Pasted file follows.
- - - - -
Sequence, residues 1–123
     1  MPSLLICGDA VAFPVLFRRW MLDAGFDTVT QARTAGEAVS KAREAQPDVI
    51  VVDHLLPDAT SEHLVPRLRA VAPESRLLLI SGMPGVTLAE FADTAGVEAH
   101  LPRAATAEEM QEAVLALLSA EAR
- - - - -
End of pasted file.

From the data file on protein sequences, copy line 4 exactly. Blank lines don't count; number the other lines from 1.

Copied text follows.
   101  LPRAATAEEM QEAVLALLSA EAR